... he is "walking fire" towards them and 470 of them are going to be answering to the voters in less than 4 months.

The Swiss are going to be royally fucked in this process (which ought to make Bruce Krasting happy) because it would vaporize their peg to the euro.

The DXY would drop to 75.00 by July 23rd and the 10 year yield will be at 2.50% and climbing.

Ever had a real live bullet zip by your ear?  There is no better motivator to MOVE YOUR ASS I have ever come across and the folks with ice water in their veins don't tend to run for political office.

The BTFD crowd has another opportunity of a lifetime ... if they have ice water in their veins ... and ALL THE REASONS they will ever need to motivate THEIR SERVANTS IN WASHINGTON, DC TO COME TO A COMPROMISE NOW !!!!

Bernanke will have broken the confidence in the dollar as a safe haven. Make no mistake - I am prescribing the NUCLEAR OPTION ... not just a threat ... really dropping the figurative nuke on ALL the other players.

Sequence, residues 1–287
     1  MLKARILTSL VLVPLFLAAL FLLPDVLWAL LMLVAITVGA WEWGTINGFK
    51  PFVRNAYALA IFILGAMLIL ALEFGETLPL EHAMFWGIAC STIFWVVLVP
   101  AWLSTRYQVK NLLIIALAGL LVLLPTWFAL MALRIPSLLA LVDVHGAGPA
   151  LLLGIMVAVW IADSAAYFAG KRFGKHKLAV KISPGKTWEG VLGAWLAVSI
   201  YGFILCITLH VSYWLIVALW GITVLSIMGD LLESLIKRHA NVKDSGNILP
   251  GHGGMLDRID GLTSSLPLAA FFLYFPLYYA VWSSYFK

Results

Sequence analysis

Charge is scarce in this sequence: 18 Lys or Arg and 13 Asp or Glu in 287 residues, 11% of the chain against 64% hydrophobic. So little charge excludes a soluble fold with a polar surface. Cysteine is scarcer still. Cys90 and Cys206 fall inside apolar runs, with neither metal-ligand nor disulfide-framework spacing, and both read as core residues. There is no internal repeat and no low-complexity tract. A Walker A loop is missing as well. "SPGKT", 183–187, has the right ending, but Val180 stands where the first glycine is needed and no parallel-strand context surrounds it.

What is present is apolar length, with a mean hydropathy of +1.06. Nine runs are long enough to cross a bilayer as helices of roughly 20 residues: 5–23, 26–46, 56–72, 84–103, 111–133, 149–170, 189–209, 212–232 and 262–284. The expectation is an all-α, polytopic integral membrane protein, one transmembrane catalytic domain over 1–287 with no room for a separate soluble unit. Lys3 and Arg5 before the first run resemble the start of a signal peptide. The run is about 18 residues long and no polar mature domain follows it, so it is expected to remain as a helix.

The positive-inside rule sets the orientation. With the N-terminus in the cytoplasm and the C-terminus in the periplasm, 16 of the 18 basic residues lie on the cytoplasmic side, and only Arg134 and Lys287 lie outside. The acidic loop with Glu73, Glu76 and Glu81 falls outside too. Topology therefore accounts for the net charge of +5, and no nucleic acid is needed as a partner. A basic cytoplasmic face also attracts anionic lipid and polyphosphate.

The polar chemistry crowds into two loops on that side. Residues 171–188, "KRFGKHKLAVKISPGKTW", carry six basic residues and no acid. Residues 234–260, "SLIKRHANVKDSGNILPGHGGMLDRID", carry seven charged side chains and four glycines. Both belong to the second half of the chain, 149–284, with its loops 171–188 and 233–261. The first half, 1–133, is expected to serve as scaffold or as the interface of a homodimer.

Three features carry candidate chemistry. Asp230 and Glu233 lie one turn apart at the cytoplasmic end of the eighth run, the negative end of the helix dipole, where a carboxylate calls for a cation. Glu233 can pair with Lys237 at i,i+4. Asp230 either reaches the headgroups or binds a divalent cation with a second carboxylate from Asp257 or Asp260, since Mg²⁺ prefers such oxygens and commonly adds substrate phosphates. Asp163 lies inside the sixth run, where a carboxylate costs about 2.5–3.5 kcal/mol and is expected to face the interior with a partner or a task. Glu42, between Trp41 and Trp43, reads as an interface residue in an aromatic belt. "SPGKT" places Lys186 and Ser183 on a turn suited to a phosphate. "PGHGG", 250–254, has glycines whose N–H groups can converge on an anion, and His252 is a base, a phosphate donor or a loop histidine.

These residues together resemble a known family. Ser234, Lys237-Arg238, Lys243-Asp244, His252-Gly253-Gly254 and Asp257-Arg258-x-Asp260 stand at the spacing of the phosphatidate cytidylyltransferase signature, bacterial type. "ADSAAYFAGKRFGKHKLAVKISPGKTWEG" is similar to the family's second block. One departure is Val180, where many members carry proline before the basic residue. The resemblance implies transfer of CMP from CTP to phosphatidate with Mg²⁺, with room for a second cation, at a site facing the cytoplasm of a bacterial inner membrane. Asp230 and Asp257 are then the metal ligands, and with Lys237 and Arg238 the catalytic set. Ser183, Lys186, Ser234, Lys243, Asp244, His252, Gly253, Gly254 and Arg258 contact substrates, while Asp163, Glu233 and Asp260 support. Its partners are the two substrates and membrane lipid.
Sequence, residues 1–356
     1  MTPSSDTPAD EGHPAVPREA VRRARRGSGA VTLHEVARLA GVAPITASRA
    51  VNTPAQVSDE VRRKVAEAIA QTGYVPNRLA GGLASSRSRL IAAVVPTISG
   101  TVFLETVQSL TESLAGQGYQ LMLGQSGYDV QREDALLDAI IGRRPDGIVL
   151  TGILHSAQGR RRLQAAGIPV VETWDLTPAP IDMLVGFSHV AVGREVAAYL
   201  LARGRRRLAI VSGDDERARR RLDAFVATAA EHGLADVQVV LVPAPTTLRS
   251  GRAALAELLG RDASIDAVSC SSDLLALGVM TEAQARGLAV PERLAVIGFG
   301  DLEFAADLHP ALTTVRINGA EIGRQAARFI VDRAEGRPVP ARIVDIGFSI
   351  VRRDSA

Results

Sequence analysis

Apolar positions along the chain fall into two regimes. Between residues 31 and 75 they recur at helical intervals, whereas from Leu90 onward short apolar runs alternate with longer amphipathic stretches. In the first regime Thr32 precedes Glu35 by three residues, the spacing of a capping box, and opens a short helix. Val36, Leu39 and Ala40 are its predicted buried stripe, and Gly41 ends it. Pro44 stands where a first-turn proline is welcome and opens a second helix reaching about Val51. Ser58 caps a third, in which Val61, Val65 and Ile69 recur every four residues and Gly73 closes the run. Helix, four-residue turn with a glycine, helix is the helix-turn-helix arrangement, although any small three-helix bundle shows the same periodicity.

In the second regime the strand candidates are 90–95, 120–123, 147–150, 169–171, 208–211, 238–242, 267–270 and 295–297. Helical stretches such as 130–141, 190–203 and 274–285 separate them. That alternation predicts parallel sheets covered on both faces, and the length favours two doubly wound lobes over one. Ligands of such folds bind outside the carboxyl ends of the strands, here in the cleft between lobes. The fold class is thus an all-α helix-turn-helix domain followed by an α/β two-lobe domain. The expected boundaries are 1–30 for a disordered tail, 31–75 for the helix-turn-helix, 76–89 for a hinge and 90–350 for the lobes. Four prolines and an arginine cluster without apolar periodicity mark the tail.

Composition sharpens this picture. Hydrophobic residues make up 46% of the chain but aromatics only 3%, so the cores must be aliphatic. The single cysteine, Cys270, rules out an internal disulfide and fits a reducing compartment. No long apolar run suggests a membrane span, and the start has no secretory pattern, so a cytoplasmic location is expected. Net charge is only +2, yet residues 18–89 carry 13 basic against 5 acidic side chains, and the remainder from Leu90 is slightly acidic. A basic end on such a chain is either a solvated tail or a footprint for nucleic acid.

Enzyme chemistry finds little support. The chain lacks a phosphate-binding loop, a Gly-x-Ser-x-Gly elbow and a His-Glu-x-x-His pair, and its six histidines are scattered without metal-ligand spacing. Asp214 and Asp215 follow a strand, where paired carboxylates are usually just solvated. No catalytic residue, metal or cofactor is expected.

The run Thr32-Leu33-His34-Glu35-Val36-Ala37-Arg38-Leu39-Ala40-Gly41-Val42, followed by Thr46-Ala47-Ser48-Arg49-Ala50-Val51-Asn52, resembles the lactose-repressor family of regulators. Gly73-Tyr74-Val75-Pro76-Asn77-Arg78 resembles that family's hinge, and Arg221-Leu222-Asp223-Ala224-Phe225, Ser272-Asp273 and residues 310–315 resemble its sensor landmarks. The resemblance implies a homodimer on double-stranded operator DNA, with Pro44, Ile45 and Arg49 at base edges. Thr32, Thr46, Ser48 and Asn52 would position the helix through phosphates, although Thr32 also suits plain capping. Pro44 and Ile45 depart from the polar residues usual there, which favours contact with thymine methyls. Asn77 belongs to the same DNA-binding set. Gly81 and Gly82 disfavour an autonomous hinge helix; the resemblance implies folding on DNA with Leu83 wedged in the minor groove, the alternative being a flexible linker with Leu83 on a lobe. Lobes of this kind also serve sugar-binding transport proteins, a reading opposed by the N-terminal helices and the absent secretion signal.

BUT ... by August 15th, the American politicians could deliver a long term compromise to the SCOAMF for signature.

Bernanke just has to stay surrounded by his SWAT team and stay in a safe hiding place till then.

barliman

Mon, 07/16/2012 - 21:35 | 2622632 malek
malek's picture

When the markets (stocks, commodities) go down 30%, that means that the Dollar went up by the same factor.

A stronger Dollar means it is much harder to pay back debts by earning Dollars, and even less possible to take on new unlimited debts, so US politicians would need to balance their budgets no matter under how much screaming.
Even if they succeed in doing so, the US Bond market would likely implode anyway at our debt/GDP ratio.

Because of the massively strengthening Dollar, other central banks would need to hit the brakes on printing/easing or otherwise their currencies would implode into a black hole.
The Swiss could de-peg, as the CHF would weaken by itself after the mad rush into Dollars (but, at least at first, not Dollar-nominated assets!)